The Red Truck by Justin Sheperd: In the old fashioned way that cowboys don’t cry and they do work hard, The Red Truck is the story of Brendan, wandering and homeless cowboy, and Chip, the son of ranch owner with too much obligations to be free, of living and loving. The story is good, but it has a sad undertone; even if Brendan and Chip are happy now, it’s clear that their happiness is a temporary thing, since Chip has not the courage to claim their love. Like the Red Truck Chip is riding, Brendan is a last memento of his carefree youth, and when he will loose one, it will be not long the also the second will follow, and Chip will have to enter the world of the adults and committed, even if he doesn’t like the commitment they are asking to him.
Booch by L. John Williams: Booch is a very nice coming of age and buddy friends story; Brian knows Joseph Michael literally all his life, since they have been neighboors from the day Joseph Michael was born, and it was Brian to name him Booch. Even if they have an 8 years age difference, Brian has always considered Booch his best friend, and when Brian started to developed an interest for other boys, and then men, he had forbidden fantasies on Booch, but he has never acted upon them. Not until the day Booch becomes legal and apparently bent upon the task to seduce poor Brian. I really loved the lighteness and happy tone of this short story, and I was, as Brian, fascinated by the “young” adult that was Booch, so sure of what he wanted and liked, and able to obtain it.
Dashing through the Snow by Todd Schoonover: another story similar to the previous one, about best friends and neighboors, a love that was born when probably both of them were not even able to name the feeling; but even if with an happily ever after (or better for now) ending, this story is not so light and funny as the previous one. Garth and Joe’s love is not easy and immediate, and Garth has to go through a long process of healing his heart to be able to trust it again. Good thing is that Joe, apparently the less emotional of the two, is instead the one that is not only able to love forever, but also to wait and forgive when Garth will be ready to come back to him.
Dirty Laundry by Veronica: Peter and Robert are into each other but for all the wrong, and stupid reasons, they have never spoken about their mutual feelings. Now Robert is moving out from the apartment they share, and Peter is blaming himself: maybe Robert didn’t like him, maybe he wanted his privacy, maybe, maybe, maybe… but never once he had asked to Robert his real reason. And Robert instead of being impatient or happy for the move, is lingering around, like if he wanted to give to Peter another chance to talk, to explain, to say something at least. A last go to the laundomat and the lack of underwear, will force Peter to literally face his roommate without any protection, of clothes and excuses, and the time will come to be honest with yourself.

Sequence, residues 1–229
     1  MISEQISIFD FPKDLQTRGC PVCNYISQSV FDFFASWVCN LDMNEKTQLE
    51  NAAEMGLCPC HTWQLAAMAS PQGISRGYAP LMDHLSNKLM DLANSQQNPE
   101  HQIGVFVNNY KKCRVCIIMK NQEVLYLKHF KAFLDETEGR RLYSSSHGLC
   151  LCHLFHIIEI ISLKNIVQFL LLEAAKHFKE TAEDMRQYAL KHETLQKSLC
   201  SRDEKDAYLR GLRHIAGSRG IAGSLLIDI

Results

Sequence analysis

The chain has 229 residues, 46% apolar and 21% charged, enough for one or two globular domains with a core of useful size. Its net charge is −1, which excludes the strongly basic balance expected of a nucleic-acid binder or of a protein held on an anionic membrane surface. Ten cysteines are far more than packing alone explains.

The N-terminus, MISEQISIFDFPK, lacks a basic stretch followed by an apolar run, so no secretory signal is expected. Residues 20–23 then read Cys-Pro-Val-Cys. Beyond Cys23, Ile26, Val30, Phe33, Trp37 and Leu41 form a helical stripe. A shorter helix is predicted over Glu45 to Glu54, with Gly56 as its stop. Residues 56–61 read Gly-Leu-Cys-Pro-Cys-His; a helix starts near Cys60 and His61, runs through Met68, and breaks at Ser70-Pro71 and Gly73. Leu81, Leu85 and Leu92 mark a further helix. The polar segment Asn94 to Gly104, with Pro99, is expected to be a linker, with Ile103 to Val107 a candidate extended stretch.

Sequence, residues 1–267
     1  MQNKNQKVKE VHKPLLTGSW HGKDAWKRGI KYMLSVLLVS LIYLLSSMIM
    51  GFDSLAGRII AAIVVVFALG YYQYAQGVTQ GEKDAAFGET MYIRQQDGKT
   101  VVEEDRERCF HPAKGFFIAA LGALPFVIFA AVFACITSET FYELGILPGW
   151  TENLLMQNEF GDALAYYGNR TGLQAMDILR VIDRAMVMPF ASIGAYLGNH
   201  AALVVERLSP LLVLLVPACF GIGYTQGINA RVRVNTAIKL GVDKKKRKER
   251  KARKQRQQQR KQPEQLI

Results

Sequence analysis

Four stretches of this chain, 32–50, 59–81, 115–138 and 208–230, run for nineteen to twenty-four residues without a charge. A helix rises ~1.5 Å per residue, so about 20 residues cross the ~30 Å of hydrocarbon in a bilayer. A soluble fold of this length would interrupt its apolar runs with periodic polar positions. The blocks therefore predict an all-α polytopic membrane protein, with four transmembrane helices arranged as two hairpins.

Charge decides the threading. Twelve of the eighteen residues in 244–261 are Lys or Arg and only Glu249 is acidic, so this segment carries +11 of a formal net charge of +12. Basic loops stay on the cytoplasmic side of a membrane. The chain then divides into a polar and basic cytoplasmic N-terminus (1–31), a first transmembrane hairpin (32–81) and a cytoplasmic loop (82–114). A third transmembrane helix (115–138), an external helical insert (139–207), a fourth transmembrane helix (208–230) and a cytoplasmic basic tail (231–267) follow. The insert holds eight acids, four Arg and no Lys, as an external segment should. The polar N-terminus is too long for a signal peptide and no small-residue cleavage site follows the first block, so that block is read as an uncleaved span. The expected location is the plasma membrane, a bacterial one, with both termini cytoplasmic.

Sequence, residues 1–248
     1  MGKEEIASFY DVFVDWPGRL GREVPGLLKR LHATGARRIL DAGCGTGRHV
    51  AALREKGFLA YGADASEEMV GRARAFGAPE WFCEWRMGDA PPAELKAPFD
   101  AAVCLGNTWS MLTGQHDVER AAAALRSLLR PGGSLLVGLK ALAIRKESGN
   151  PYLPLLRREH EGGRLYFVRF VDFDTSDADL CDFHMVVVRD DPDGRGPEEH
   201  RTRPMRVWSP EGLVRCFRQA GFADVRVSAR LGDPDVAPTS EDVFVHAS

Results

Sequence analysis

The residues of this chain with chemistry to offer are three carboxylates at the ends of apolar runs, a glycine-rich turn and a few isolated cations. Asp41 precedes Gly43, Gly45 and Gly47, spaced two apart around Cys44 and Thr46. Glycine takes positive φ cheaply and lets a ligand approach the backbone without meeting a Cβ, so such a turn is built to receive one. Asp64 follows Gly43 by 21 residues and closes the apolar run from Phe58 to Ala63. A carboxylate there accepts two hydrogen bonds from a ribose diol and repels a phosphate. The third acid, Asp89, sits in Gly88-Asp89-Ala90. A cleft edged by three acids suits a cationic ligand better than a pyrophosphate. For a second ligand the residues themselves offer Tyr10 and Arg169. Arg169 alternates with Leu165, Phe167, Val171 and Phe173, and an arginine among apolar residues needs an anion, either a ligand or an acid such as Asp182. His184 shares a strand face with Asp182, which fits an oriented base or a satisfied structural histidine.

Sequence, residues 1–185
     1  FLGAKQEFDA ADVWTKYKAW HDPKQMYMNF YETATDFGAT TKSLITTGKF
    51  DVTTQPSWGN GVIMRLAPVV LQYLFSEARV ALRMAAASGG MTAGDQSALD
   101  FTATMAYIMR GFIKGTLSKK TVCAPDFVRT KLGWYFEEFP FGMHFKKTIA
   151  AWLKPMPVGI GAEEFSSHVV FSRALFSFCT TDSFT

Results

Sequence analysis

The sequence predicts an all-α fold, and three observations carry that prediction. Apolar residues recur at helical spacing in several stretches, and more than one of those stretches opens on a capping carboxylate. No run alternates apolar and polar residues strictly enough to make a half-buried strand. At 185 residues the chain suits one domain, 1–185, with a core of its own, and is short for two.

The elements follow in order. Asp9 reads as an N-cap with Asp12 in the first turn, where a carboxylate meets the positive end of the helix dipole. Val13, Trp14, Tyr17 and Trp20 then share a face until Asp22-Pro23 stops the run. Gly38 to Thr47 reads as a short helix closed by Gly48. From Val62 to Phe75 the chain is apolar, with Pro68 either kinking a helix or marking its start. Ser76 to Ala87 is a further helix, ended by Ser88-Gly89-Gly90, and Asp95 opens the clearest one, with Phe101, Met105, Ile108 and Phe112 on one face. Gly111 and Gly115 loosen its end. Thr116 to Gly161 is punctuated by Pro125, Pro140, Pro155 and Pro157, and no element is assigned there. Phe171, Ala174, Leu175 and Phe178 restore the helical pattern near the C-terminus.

Don’t Ask Don’t Tell by Aleksandr Voinov & Marquesate: Scott, an US soldier, and Rich, a UK officer, meet when Rich is on Scott’s base for a seminar; gaydar or maybe only an huge horniness that outed Scott’s desires, Rich involves the younger man in an hot affair in a stock room. Other than the sex, that is nice and very graphic, the most interesting thing is to compare Scott’s experience in the Army, Don’t Ask Don’t Tell’s policy and all, and Rich’s one: even if apparently the English man has more freedom to be himself, the truth is that, if he wants to stay in the Army, he has to stay also in the closet. The authors decided to close this short story, and fast affair, with a romantic note, the chance that these two men can meet again, and maybe sharing something more than only loneliness and desire.
Idol by L. John Williams: as he proved in the previous story in this same anthology, L. John Williams is a romantic at heart; Idol is a mix of Cinderfella and Show Business themes, with your average common guy Dylan who falls in love with movie star Rob. There is little chance for Dylan to meet Rob and even less for it to be anything else than a social call, but it did happen and not only that, Rob has a mutual interest in Dylan. Like a starstrucked fan, Dylan would do everything for Rob, and he would be satisfy with a little taste of the other man, but Rob has a surprise for him: he is not a selfcentered star with only his pleasure in mind, he is a kind and caring man, who is really interested in trying their best to develop something serious and long lasting, and Dylan, of course, is more than happy to oblige.
The Pickup by Harold Dixon: Buddy “pick up”s Jake on the Quick Stop near his home; but of them are not searching anything else if not exactly that a quick… stop. Two or three well placed hints are enough for Buddy to determine if Jake is interested: if the man recognizes the “come on”, then Buddy has just found his entertainment for the night, instead if the man is unaware, and doesn’t want to pick up the lead, then Buddy is safe and will go simply home to leftovers and a DVD. Basically this would be a good plot for a short, and naughty x-rated movie, the sex is good, and also a little “surprising” for Buddy who finds himself in a position that is usually not his. But he is all for a good ride, doesn’t matter if he is receiving or giving. And if there would be a repeat, well, again, that is good and welcomed.